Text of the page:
• Henderson Morley plc, of Birmingham, UK, said recruitment to the Austrian Phase II trial of its Ionic Contra Viral Therapy (ICVT) in treating adenovirus keratoconjunctivitis has been slower than anticipated. Partner Croma Pharma AG now is taking steps to speed up recruitment. ICVT uses a combination of two marketed drugs to interrupt viral DNA synthesis by altering potassium ion concentrations.

• KuDOS Pharmaceuticals Ltd., said its partner, Novacea Inc., of South San Francisco, began patient enrolment in a Phase I/II open label, dose-escalation study of banoxantrone (AQ4N) in 55 patients with B-cell neoplasms. AQ4N is a topoisomerase inhibitor and DNA intercalator that is activated in the hypoxic environment within tumors.

• LION bioscience AG, of Heidelberg, Germany, plans to sell its bioinformatics business. The management and supervisory board will conduct a structured tender. LION said that in the last few weeks, several companies expressed an interest in its bioinformatics business. A potential and alternative management buyout has been deferred for the time that the public tender is being put into place.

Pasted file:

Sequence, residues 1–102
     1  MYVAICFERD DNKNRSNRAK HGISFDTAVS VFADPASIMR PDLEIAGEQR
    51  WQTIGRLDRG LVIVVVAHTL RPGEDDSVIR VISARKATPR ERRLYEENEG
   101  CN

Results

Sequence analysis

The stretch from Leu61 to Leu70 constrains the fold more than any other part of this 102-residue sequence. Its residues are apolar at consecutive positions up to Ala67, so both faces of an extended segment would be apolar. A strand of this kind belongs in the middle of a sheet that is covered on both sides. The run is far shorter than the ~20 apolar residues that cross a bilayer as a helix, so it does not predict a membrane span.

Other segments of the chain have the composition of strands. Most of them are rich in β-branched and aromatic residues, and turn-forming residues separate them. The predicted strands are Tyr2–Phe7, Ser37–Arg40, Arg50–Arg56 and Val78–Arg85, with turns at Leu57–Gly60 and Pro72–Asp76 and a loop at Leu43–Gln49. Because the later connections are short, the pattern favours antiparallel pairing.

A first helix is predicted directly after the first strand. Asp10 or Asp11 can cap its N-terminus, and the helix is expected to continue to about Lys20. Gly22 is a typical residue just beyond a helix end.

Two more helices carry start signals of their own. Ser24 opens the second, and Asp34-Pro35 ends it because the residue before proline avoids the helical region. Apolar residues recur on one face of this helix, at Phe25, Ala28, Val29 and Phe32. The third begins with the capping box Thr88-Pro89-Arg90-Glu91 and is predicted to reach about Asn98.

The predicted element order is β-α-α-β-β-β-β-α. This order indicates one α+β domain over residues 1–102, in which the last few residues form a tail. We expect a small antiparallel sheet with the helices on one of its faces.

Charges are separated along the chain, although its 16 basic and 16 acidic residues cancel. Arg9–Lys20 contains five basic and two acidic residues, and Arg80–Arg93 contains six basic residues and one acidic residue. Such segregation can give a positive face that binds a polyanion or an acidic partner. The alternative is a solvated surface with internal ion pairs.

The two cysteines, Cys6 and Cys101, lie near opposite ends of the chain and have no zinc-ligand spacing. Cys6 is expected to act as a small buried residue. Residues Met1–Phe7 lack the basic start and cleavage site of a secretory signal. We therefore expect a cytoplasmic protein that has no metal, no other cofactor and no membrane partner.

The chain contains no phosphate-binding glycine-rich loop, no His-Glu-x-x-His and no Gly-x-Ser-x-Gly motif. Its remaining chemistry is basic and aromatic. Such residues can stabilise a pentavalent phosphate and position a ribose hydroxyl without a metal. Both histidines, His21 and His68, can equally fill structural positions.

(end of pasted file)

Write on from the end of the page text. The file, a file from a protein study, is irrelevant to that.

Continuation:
• MerLion Pharmaceuticals Ltd., of Singapore, reported a three-year drug discovery and development collaboration with Sankyo Co. Ltd., of Tokyo. Sankyo will provide selected high-throughput screens and additional assays to MerLion, which will provide access to its sample collection and apply its screening and natural products chemistry skills to the isolation of new chemical leads.

• NascaCell IP GmbH, of Munich, Germany; PSF biotech AG, of Berlin; and Xantos Biomedicine AG, of Munich, Germany, launched a consortium to identify and develop drugs to inhibit tumor angiogenesis. The companies will integrate their technology platforms and use an aptamer-based approach. Xantos will contribute target discovery and small-molecule screening. PSF will offer protein production and crystallization. NascaCell will bring target validation and drug discovery techniques. The joint effort, to be called PADDION, will receive initial funding from the German Ministry of Education and Research BioChancePlus program.